By Eve Whittenburg, Writer/Editor, SkinnyMs.
Most people believe that to solve world hunger, we need high-calorie foods such as bread. Bread and clean water pop into our minds as the perfect solution to this global issue, but are calories enough to sustain healthy bodies? Of course not. Our bodies need protein, vitamins, and minerals as well as calories to grow and develop properly. Scientists have come up with new sources of these vital nutrients that may be able to solve our global food crisis.
Currently, scientists are developing genetically engineered foods that contain Vitamin A, which is extremely important for your body’s immune system, and it guards against blindness; both of which are chronic problems in more destitute communities around the world. These modified staple foods can be grown locally and in poor areas that rely heavily on staple crops.
Scientists add micro-nutrients to foods to improve the nutrition of large populations, but many of these fortified foods are unavailable to very poor populations. Not only that, but many people are instinctively averse to scientifically tampered foods, claiming that they may come with unforeseen side-affects.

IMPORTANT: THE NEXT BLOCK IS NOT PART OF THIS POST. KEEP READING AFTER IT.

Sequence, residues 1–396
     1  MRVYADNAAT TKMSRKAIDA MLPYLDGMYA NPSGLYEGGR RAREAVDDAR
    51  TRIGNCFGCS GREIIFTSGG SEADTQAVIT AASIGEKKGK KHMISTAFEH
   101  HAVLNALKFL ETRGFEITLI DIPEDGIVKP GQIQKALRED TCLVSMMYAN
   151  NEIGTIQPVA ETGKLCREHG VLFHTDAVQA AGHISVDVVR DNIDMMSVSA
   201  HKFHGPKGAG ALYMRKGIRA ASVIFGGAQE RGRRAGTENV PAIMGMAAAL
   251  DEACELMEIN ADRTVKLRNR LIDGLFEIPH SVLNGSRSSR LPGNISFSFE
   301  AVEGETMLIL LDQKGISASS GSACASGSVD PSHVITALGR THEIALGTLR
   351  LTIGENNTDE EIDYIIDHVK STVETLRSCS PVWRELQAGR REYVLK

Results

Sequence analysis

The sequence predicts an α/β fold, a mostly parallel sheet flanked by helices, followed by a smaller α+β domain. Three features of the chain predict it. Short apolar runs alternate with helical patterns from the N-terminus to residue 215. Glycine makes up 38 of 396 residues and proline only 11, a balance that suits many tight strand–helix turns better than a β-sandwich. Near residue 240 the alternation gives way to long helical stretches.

Another scientific solution to the food crisis a synthetic cultivation of meat. In laboratories, scientists are able to grow meat from cow cells. The process is still in preliminary stages and the meat is lacking in flavor, but its potential is quite large. Though it is expensive to produce at its current stage, synthetic meat has the possibility to provide large amounts of protein for a global population.
There are other, more natural solutions to malnutrition, but they are not for the squeamish. Countries like Thailand, where it is already a dietary norm, are developing insect farms. Certain insects are excellent sources of animal protein, fat, vitamins, and fiber. More than two-billion people around the world already consume insects regularly, and Thailand boasts 20, 000 insect farms used to combat malnutrition.
Global malnutrition is a rampant problem that seems impossible to solve in the near future, and the obstacles appear insurmountable. Perhaps the solution lies in new scientific advances with the synthetic growth of meat and the genetic engineering of staple crops, or maybe it will take the introduction of insects into our diets to consume enough nutrients. The answer is not simple, but will require the study of long-term effects and further developments and advances.